To make sound decisions about potential changes to Social Security, Medicare, and other retirement programs, policymakers need reliable, objective predictions based on the best available data on how reforms would likely affect retiree income and benefits, labor market activities, taxpayer burdens, and program costs and solvency. The predictions are often provided by DYNASIM, the Urban Institute’s well-respected microsimulation model. This grant funds a project by the Urban Institute to expand and improve the DYNASIM model.
DYNASIM is a more ambitious tool than nearly every policy evaluation model in use today. It attempts to predict a wider range of outcomes than do most models developed by CBO or the analytical offices of Cabinet agencies. For example, a raise in the early and full retirement ages would almost certainly affect retirement ages, earnings, savings patterns, and the distribution of incomes of those 60 to 74 years in age. It may also influence marriage rates and living arrangements, and could indirectly affect the health status and health insurance coverage of some older Americans. Simple models often focus on just one or two of these outcomes. DYNASIM’s predictions, however, attempt to capture all these indirect effects.
With this grant, the Urban Institute will develop further the predictive capabilities of DYNASIM so that the model can be used to produce credible and detailed predictions of the impact of government policy reforms that affect the nation’s elderly. The programs of interest include Social Security, including its Disability Insurance (SSDI), Medicare, tax policies that affect retirement saving, and important components of Medicaid. The grant will examine how reforms in one or more of these programs will affect old-age labor supply, the prevalence of old-age poverty, the distribution of income in old age, out-of-pocket spending on health care in old age, and tax burdens of the elderly. The DYNASIM model will also produce predictions of the effects of these policy changes on both the elderly and the nonelderly.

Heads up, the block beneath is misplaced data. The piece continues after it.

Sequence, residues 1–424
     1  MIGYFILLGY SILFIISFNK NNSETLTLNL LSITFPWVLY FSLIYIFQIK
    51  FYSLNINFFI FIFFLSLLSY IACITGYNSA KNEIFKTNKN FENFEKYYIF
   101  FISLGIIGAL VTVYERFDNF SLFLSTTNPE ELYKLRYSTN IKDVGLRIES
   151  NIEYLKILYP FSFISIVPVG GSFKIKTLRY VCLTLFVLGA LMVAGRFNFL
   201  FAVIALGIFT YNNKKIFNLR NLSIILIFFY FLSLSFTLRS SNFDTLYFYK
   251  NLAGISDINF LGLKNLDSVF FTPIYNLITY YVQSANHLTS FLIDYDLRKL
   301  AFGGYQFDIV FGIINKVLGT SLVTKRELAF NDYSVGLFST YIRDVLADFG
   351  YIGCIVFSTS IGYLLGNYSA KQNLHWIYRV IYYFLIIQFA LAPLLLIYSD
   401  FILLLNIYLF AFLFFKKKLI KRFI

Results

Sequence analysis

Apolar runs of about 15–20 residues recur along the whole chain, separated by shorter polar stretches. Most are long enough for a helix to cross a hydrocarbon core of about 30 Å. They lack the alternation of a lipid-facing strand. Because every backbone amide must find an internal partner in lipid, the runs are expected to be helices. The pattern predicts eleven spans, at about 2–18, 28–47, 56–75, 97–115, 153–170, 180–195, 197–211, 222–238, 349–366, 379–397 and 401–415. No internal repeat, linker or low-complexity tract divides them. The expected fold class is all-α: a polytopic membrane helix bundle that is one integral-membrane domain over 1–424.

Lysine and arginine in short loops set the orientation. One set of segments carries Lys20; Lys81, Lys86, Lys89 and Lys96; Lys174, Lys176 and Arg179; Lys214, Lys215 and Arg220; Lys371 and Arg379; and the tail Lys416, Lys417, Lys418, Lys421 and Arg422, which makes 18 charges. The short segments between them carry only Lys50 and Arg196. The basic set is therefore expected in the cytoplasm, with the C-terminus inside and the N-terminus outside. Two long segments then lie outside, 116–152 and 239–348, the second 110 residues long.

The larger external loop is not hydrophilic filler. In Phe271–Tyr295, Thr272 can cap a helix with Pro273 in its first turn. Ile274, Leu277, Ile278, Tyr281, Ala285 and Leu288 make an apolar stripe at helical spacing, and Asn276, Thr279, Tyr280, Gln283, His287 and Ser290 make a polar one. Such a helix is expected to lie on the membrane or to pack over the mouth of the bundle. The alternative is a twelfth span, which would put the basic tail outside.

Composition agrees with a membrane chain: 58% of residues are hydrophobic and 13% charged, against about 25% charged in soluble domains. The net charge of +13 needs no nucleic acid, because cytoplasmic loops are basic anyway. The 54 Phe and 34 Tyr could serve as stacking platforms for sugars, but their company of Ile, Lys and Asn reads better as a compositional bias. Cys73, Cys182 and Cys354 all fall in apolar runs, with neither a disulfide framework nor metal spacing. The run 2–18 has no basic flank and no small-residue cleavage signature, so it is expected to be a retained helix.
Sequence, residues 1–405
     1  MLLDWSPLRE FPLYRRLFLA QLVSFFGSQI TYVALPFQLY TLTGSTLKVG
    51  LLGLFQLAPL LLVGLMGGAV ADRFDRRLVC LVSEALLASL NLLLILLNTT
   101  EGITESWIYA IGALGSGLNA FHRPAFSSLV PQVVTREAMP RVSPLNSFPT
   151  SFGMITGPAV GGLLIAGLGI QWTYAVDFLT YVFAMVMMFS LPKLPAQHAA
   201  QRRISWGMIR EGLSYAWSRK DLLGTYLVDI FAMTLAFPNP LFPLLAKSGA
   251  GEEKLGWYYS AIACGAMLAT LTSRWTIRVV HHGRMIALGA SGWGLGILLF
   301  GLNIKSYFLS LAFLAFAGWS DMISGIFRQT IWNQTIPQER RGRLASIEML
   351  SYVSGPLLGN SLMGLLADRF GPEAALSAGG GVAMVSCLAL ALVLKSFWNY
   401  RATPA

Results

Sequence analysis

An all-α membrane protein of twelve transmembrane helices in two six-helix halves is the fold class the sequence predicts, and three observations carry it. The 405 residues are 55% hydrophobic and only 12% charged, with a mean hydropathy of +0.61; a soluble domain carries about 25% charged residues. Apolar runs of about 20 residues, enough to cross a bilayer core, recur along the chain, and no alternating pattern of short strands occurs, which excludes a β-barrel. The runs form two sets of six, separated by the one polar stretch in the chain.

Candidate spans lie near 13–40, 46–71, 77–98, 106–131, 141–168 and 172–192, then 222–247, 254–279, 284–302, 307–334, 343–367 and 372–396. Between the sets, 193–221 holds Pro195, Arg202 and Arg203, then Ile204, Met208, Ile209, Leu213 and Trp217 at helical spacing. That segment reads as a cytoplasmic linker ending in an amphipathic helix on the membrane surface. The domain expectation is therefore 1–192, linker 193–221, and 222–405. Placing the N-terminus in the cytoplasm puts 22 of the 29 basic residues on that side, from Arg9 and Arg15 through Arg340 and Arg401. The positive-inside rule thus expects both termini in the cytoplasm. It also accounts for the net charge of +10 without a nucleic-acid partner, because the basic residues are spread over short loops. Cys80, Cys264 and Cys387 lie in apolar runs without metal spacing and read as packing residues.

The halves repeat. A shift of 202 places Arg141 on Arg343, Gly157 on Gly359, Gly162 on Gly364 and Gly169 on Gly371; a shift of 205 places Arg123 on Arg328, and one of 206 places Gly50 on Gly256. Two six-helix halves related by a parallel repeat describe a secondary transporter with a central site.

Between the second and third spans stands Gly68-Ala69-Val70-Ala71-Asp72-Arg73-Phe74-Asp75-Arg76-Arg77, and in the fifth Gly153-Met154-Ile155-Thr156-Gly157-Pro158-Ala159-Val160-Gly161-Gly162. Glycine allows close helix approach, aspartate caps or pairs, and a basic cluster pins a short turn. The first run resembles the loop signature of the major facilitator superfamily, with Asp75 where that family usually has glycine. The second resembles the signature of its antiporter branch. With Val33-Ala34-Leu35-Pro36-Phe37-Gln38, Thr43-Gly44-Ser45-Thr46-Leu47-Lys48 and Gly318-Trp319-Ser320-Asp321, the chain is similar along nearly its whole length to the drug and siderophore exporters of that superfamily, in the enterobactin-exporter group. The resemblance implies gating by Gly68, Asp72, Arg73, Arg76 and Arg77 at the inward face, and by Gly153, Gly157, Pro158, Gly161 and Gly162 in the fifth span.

In addition to providing for the needed improvements, the grant includes funds to maintain DYNASIM during the project period, such as by incorporating the latest economic and demographic assumptions used by Social Security and updating tax and other policy parameters. In addition, the Urban Institute team will use some funds to train additional DYNASIM analysts, to ensure the sustainability of the model, and to find ways to provide access to other researchers, so that it can continue to provide the research and policy community with the best information on the effects of retirement policy reforms after the grant period ends.